Since last time, I've picked up a bit more knowledge, thanks in some part to various e-mail and forum discussions. Although the previous circuit will work if scaled up, the MOSFETs have to handle **all** of the reactive current. The power supply also needs to be stiffer, although total power consumption is only equal to the load, since the flyback currents regenerate the supply - which makes sense, since a pure inductance is entirely lossless. Here, I'll show you the physics:

Start with a variable dead time square wave. This is fed to a pair of MOSFETs (mind the transformer polarity). You don't have to use MOSFETs, that's just how I chose to draw it (but they ARE easier to use). At any rate, starting with the top MOSFET turning on:

- Inductor voltage (V
_{L}) rises to +V. - Inductor current starts increasing at the rate
*di/dt*= V/L. - When the MOSFET turns off, the current stored in the inductor looks for a way out and the voltage freewheels.
- Inductor voltage is clamped by the lower MOSFET, which has an intrinsic body diode. The same equation applies, and since voltage is negative (from the inductor's point of view),
*di/dt*is negative as well. Current starts falling. - Depending on the dead time, the flyback pulse may completely discharge the inductor, in which case a certain amount of dead time may appear where the inductor has little energy in it (undamped, parasitic capacitance will cause it to ring, excited by the
*dV/dt*of the fall to zero). This is shown on V_{L}as a partial line, and, due to the low duty cycle, very wide on the oscillograph shown below.

After the initial charging peak, the MOSFET releases the inductor, which flies back to the opposing MOSFET whose body diode clamps the pulse to the supply rail (which due to poor regulation is a bit higher in voltage, thus narrower in width than the charging pulse. The ringing is probably due to the solderless breadboard). Dampened ringing is seen after the pulse; without a snubber, it's downright ugly.

- If the MOSFET does turn on as its terminal voltage is reversing (remember, during the flyback pulse, the junction is reverse-biased, with the body diode sinking inductor current, which is dropping towards zero then reversing), the waveform is a continuous square wave.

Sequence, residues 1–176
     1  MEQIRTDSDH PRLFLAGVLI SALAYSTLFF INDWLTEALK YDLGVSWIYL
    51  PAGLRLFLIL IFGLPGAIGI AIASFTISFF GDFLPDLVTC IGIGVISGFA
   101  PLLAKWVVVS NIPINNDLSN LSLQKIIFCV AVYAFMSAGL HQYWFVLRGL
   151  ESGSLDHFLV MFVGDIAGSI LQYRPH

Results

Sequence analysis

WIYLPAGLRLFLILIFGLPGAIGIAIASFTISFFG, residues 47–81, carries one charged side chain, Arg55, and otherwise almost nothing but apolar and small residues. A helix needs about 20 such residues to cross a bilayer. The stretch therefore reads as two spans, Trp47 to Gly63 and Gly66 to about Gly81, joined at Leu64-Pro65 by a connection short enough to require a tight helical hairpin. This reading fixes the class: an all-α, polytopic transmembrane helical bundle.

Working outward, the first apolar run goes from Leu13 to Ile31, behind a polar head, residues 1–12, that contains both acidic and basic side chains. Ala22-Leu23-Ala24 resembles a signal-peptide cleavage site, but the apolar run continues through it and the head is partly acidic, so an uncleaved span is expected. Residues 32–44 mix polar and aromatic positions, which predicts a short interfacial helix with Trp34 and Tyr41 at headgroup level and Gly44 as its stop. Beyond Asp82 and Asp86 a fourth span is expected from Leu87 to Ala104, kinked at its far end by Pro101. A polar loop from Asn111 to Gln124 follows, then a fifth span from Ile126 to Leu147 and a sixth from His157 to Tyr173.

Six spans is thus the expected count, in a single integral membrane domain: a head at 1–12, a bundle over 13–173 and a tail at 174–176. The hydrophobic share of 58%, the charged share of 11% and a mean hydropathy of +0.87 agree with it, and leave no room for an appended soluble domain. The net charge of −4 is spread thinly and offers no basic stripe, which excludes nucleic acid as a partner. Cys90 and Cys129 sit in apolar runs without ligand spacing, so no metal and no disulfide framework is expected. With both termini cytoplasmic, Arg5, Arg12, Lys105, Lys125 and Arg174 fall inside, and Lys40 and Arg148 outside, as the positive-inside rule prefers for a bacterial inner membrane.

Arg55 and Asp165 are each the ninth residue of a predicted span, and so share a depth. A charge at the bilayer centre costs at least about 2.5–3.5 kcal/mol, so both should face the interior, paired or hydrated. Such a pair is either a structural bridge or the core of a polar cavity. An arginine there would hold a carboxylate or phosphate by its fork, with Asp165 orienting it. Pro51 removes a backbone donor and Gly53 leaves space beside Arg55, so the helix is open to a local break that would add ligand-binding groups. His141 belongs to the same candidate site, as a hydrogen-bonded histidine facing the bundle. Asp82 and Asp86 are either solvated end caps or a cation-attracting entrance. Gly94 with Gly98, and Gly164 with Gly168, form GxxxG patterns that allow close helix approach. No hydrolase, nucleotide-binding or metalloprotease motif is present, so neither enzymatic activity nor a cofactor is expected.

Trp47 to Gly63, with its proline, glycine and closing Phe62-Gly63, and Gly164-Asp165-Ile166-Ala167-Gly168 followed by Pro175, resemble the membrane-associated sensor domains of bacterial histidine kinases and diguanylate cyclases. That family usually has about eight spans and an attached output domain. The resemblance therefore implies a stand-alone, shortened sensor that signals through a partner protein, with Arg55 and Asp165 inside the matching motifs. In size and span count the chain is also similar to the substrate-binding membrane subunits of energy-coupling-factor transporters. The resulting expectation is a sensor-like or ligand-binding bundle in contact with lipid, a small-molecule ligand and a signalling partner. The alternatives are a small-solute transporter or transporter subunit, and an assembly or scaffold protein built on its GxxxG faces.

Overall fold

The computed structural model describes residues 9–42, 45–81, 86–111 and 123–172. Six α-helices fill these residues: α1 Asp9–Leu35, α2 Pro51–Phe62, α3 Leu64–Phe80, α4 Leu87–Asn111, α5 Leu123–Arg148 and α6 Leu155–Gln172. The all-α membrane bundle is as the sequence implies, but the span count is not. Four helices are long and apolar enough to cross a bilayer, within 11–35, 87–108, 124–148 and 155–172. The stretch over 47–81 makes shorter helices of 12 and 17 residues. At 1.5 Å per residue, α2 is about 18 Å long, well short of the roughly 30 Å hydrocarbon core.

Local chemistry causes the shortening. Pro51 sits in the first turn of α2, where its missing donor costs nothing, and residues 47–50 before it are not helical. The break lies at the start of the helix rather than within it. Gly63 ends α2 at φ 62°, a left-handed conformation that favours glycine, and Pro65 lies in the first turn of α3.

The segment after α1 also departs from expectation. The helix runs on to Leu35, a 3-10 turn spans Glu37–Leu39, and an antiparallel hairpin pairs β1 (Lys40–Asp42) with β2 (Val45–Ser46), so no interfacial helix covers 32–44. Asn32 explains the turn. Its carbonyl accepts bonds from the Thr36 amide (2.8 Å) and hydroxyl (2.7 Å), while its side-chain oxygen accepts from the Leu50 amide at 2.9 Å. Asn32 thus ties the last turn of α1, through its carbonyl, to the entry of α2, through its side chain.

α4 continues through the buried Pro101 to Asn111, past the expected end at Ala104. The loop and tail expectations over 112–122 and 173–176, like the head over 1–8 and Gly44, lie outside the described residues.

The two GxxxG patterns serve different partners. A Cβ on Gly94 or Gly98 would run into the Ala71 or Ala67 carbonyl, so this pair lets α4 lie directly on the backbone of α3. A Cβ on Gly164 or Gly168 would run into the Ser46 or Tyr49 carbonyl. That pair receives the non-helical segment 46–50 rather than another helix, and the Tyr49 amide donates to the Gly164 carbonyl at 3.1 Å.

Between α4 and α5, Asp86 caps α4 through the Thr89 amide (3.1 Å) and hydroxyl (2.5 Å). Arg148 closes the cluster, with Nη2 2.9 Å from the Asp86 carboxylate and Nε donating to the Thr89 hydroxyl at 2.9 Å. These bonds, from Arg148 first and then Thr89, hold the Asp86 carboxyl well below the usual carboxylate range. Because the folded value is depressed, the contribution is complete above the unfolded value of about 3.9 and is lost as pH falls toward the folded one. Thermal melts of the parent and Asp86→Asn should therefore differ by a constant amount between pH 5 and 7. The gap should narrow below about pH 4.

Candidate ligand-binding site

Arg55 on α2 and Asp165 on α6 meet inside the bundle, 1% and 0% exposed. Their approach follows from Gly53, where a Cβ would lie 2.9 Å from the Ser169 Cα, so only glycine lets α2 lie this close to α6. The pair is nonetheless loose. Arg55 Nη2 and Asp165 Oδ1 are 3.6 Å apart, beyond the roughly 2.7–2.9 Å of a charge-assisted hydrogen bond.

- Inductor current I
_{L}ideally follows a triange wave, but loss including supply resistance, R_{ds}drop, induced/radiated power and others contribute to an RL exponential curve instead.

And lastly, to complete this discussion: with lossless devices, power consumption is zero because if you follow the amperes, you'll notice that, during a half cycle, one MOSFET first sinks current **back into** the power supply rail, before drawing it back out to charge the inductor so the opposing 'FET can do the same.

Although it does have full control of the inductor (and very simple ways to control power output: supply voltage, driven frequency or duty cycle), that control comes at the price of carrying **all** the reactive current. Just how much?

Well, if you consider the coupling factor K of the work coil to the work (imagine the work as a one-turn coil, loaded with resistance equal to the circumference's resistance) is roughly proportional to the ratio of their areas, then say you have a 2" dia. coil working into a 1" rod: the diameter is half, area is quarter and K ~= 0.25. That represents a circuit composed of roughly 3/4 of the work coil's (empty) inductance, which is lossless, plus a small (1/4) resistive component that actually dissipates power. As such, Q is around 3 or 4 (again, very roughly...I'm not doing mutual inductance or phased vectors here). And, as such, that means for every ampere of current sent to the inductor that's causing the work to heat, three amps go along just to make the inductor bounce! (Contrast this with a power transformer, where due to the high permeability iron core, inductance is high and reactive current is low, a mere fraction of total current capacity. This is the advantage of cored channel induction furnaces, which are unfortunately impractical on this scale.)